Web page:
5, ing will change the pool depth. Other variations and embodiments will occur to those skilled in the art. Of course, the adjustable scoops can easily be incorporated into a separator in which the flows of solids and liquid oppose each other instead of being concurrent as shown herein.

Some feed mixtures do not contain solids of the type that will form anunmovable layer between blade tip and bowl wall. In such a case, this layer must be built up artificially of a substance such as gypsum or plaster of Paris, before the pool level can be raised. Artificial layers as such are well known in the art for'filling blade tip In the practice of the high pool method of the invention with an artificial filling layer, the end of the layer becomes eroded by the liquid and washes away. To overcome this problem, met-a1 ring 150is provided (FIG. 6) on the inner surface of the bowl adjacent the solids discharge end. Ring 150 is machinedto have zero clearance from the conveyer 38, and protects the artificial layer 151 from the hydraulic head of the high pool. While the ring 150 as shown is of the order of inch wide, the principle of a no-clearance fit between the conveyer and the bowl at the point of solids discharge can be applied-using a ring of any dimension axially.

Wash inlet pipe 77 envelopes both pipes 72 and 76, being fixed to the outside of pipe 76 and having a lateral outlet 79 near itsinner end'to permit wash liquid to be introduced into the interior of shaft 40 whence it flows through nozzles 83, onto the solids which are being advanced along conical portion 28; The outer end of wash inlet pipe is connected to a flexible hose 85 through which a supply of water or other liquid may be introduced for washing the solids before they are discharged. Baflle 81 secured to the interior of shaft 40 preventsthe wash liquid from flowing directly into annular chamber 46 The double conduit arrangement makes it possible to separate two liquids of differing densities from each other as well as from a finely divided solid. It will be understood that additional conduits may be provided to remove additional layers of liquid if desired. When wash water is introduced through inlet 77, it may be removed through conduit 50 along with the second liquid, if there is one.

The foregoing construction is particularly useful in separating from solids those liquids which tend to foam, because back pressure can be applied to conduits 48, 50 to repress foaming without preventing flow of the liquid discharge therethrough under the head of pressure built up by the rotating mass of liquid entering the mouths of the scoops.

Although specific embodiments of the invention have been described herein, it is not intended to limit the invention solely thereto, but to include all of the obvious variations and modifications within the spirit andv scope of the appended claims.

What is claimed is:

1. A centrifugal separator comprising a rotatable bowl for receiving a mixture of liquid and finely divided solid particles,

a solids discharge chamber adjacent one end of the bowl in communication with the interior thereof through a solids discharge opening,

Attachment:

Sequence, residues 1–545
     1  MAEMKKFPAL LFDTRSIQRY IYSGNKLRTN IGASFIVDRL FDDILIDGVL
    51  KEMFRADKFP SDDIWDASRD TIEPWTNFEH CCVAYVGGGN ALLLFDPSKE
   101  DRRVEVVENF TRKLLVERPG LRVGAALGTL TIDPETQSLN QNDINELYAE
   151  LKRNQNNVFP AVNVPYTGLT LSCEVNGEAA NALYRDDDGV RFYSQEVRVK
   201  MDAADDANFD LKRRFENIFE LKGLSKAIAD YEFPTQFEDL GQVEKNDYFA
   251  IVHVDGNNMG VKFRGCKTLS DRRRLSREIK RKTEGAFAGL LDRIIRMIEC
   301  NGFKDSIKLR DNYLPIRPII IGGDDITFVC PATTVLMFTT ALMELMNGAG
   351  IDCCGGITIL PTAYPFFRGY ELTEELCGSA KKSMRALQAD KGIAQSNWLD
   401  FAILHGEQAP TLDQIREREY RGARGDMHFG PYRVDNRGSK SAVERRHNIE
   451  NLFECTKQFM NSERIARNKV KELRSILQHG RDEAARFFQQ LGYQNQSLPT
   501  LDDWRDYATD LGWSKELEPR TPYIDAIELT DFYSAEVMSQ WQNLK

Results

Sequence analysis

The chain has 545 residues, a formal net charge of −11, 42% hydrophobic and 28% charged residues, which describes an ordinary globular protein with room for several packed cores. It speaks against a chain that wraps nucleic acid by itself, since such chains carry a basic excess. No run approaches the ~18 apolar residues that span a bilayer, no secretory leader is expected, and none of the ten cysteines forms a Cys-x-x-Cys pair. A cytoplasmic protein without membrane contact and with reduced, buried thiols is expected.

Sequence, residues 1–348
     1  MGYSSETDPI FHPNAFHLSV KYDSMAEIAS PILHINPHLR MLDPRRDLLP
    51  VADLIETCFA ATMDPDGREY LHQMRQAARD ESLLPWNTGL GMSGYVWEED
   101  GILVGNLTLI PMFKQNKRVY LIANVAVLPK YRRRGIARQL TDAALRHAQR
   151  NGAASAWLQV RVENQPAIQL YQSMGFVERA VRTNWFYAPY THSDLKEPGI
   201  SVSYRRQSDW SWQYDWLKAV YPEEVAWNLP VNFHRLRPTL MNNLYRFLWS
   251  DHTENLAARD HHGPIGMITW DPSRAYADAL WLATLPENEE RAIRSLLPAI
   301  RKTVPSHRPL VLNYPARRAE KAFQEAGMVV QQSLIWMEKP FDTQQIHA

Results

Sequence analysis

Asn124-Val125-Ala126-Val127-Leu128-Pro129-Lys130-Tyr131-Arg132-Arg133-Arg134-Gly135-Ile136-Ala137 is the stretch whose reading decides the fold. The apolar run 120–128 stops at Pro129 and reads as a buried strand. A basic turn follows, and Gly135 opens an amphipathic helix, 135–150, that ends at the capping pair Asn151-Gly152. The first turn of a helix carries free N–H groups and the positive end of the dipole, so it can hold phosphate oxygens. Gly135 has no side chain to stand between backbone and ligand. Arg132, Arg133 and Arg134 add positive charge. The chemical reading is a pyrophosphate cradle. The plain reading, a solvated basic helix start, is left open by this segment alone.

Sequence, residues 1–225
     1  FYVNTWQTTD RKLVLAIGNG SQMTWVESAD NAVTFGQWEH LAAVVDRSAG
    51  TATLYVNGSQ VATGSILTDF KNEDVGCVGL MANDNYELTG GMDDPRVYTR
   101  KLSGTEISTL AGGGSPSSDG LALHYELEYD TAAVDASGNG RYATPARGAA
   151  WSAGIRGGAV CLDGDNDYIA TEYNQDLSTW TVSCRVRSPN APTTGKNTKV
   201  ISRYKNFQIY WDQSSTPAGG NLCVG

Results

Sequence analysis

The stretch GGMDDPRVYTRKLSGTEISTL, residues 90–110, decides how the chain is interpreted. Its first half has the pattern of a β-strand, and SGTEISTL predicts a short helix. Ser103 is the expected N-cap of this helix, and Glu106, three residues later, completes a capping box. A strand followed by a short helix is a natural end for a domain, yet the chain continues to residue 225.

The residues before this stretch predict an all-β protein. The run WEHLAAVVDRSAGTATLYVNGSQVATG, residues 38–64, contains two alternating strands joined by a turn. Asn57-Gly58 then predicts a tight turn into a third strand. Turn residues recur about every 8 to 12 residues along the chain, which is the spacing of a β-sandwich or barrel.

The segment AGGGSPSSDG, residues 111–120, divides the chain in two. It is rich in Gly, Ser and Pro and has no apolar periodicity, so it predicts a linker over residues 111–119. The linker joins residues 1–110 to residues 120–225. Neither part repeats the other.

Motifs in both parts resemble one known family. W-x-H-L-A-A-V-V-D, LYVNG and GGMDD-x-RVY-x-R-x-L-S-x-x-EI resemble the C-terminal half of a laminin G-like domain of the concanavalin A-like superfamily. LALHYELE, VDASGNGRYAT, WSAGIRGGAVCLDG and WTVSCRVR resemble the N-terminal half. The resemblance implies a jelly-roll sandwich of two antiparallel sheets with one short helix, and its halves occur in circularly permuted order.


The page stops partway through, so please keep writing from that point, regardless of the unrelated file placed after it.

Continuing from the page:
inlet means for introducing said mixture into said bowl,

a rotatable conveyer mounted within the bowl coaxially therewith,

means for rotating the bowl and conveyer at different speeds to cause the solid particles to move along the inner face of the bowl to the solids discharge chamber, while a layer of liquid is retained in the bowl radially adjacent and in contact with the moving solids, said bowl having an internally unobstructed tapered portion with its smallest diameter adjacent said solids discharge opening, said bowl thereby being adapted to retain said liquid layer in cont-act with the moving solids at levels ranging from below toabove the solids discharge opening at the point of solid discharge, and means operable while the separator is running for adjusting the level of said liquid layer through levels ranging from below to above said solids discharge opening at'the point of solids discharge for providing an hydraulic assist to the solid particles crossing said point, and for. removing liquid from the bowl at a ratewhich will automatically fluctuate in direct correspondence with anyfluctuations in the rate of feed of liquid into the bowl, thereby maintaining said liquid at a stable and substantially constant level. 2. A centrifugal separator as claimed in claim 1 wherein said'last mentioned means include at least one liquid discharge conduit extending outwardly from adjacent the axis of the bowl, and adapted to remove liquid at a point within the axial extent of said conveyer, said bowl being rotatable with respect to said conduit, and said conduit terminating at its outer end in a scoop opening opposed to the direction of rotation of the bowl, and means operable while the separator is running for adjusting the position of said scoop opening toward and away from the wall of the bowl to vary said predetermined level of liquid through a range of levels below and above said solids discharge'o'penin'g at the point of solids discharge.

3. A centrifugal separator as claimed in claim 2 including a plurality ofsaid liquid discharge conduits and means for adjusting the position of each scoop opening toward and away from the wall of the bowl.